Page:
Opportunity for a New Normal<p>Last September's Global Climate Strike drew young and old protestors around the world, with organizers estimating a global turnout of 7.6 million, including an estimated 270,000 people in Berlin. Activists have adjusted this year's event to account for social distancing and different levels of coronavirus restrictions in cities taking part.</p><p>They say COVID-19 also presents opportunities.</p><p>"The pandemic shows that we can change our normal daily life, and we are very able to adjust to a situation of crisis," she says. The key question is how economies get back on their feet: "We have the possibility to build a new normal, to build a renewable world order, and an environmentally just, climate-just normal for everybody."</p><p>In July, Jeng was among 20 female Fridays for Future activists from the Global South to sign an open letter to G20 finance ministers warning that their decisions in "exclusive backrooms" over stimulus packages and corporate bailouts would "lock in development pathways for decades."</p><p>"The system is not broken, it was built to be unjust. We don't need recovery, we need a reboot," the letter reads, stressing that "black people, indigenous peoples and people of color," have been disproportionately hit by the economic, climate and coronavirus crises. </p>
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This week marks the official start of fall, but longer nights and colder days can make it harder to spend time outdoors. Luckily, there are several inspiring environmental films that can be streamed at home.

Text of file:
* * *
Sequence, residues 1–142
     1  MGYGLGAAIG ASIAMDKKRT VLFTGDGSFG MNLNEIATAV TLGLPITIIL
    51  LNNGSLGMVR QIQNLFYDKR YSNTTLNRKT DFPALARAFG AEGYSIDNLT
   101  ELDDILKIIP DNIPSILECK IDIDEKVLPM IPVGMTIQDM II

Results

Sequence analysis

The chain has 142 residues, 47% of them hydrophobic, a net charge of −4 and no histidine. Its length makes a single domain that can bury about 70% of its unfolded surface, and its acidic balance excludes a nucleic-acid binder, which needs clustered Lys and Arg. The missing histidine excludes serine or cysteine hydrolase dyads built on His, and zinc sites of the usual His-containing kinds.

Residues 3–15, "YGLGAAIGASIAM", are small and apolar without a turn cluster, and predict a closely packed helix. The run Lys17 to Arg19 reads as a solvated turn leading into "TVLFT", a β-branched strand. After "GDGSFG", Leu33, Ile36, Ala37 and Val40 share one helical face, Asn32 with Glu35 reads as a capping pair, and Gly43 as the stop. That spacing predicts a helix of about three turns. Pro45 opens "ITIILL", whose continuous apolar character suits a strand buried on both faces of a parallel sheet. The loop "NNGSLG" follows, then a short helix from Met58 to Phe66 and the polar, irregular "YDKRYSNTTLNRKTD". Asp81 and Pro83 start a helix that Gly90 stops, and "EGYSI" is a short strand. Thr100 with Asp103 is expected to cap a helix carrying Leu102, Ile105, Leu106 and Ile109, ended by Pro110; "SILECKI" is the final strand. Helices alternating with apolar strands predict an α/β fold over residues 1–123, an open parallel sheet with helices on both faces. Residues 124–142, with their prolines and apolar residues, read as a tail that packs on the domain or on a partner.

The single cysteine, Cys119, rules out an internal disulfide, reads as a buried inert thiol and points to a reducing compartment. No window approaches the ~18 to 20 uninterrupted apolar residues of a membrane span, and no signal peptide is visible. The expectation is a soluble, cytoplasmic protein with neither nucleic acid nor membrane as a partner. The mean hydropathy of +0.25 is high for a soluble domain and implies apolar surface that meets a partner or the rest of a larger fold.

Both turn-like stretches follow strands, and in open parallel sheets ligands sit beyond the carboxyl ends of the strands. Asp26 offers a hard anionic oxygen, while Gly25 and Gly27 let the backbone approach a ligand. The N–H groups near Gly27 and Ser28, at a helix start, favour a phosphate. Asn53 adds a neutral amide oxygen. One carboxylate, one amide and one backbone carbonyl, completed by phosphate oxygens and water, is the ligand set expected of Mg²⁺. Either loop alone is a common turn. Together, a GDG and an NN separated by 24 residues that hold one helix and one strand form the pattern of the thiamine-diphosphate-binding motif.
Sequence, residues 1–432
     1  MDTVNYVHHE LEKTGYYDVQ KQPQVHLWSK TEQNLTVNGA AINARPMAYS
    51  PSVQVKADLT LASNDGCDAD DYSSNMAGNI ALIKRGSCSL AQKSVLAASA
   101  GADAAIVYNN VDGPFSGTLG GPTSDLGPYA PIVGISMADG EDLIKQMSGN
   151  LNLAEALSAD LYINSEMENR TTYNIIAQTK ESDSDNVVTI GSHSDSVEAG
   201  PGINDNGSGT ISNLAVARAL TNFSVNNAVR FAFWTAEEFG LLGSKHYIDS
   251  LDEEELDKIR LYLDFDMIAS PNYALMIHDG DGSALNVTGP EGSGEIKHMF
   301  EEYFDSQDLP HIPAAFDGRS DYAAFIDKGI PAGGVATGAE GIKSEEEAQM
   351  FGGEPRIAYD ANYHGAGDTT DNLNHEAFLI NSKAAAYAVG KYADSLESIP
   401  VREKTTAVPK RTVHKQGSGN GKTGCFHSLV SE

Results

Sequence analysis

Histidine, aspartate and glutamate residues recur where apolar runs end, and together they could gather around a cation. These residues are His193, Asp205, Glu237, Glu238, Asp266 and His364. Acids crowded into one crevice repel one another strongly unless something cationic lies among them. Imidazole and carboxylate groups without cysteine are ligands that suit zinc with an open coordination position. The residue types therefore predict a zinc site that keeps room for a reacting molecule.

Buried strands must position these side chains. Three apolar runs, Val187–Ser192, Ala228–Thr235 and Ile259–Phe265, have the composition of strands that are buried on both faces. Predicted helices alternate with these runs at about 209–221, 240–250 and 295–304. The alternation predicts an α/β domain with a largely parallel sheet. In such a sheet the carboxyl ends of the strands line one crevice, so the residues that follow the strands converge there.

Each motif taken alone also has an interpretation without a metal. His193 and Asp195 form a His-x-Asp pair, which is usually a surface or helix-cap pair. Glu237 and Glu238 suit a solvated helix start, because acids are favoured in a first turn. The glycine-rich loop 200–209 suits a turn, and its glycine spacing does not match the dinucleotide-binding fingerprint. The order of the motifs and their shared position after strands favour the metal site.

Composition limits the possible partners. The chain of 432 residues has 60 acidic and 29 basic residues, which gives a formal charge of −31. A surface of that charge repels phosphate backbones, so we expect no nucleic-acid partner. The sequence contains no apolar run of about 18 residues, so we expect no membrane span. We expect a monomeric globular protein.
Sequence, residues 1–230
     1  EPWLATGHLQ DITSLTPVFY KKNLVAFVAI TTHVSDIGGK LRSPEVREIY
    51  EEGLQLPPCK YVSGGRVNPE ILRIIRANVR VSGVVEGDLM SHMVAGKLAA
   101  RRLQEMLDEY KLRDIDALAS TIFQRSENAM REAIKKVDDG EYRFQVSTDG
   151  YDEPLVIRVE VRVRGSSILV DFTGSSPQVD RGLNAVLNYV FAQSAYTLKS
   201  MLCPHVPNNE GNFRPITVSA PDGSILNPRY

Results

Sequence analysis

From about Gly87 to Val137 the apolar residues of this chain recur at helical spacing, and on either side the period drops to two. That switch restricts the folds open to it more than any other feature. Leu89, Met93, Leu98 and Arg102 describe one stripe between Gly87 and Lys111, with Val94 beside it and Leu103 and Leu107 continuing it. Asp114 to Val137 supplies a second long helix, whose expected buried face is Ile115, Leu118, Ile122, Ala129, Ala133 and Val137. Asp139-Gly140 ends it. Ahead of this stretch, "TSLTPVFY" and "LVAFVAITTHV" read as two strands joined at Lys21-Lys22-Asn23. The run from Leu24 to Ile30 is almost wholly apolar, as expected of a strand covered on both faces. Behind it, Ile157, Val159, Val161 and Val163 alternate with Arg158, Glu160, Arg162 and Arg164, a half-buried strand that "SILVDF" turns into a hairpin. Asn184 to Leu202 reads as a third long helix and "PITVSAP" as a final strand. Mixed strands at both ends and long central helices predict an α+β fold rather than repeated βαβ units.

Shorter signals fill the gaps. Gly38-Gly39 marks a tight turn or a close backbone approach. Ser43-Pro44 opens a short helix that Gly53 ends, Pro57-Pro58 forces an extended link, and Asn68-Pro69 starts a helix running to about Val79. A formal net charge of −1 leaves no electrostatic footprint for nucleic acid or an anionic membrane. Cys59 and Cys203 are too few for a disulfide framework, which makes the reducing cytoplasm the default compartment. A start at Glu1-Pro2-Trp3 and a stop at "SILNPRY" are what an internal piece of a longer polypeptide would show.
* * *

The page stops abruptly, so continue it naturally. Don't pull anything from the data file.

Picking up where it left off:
1. Kiss the Ground<span style="display:block;position:relative;padding-top:56.25%;" class="rm-shortcode" data-rm-shortcode-id="ccc5f0c92a5603e68aec39e56b0db02a"><iframe lazy-loadable="true" src="https://www.youtube.com/embed/K3-V1j-zMZw?rel=0" width="100%" height="auto" frameborder="0" scrolling="no" style="position:absolute;top:0;left:0;width:100%;height:100%;"></iframe></span><p><strong>Streaming On: Netflix</strong></p><p><strong>Premiere Date: Sept. 22</strong></p><p>Between <a href="https://www.ecowatch.com/wildfires-california-washington-oregon-photos-2647585008.html" target="_self">wildfires devastating the U.S. West Coast</a> and <a href="https://www.ecowatch.com/tropical-storm-beta-landfall-2647760268.html" target="_self">storms battering the Gulf</a>, the impacts of the <a href="https://www.ecowatch.com/climate-change/" target="_self">climate crisis</a> can feel overwhelming right now. <em><a href="https://kissthegroundmovie.com/" rel="noopener noreferrer" target="_blank">Kiss the Ground</a> </em>offers an alternative to all of the bad news by focusing on solutions.</p><p>The film, directed by Josh and Rebecca Tickell and narrated by Woody Harrelson, explains how we can heal the Earth through "regenerative agriculture," farming practices that draw carbon dioxide from the atmosphere and into soil as a way to restore soil health, which in turn boosts ecosystems and food supplies.</p><p>"<em>Kiss the Ground </em>shows how feasible it is to make these changes at a grassroots level immediately and make a truly substantive impact with low cost and easy to implement solutions," Executive Producer RJ Jain said in an email. "This is why I got involved."</p>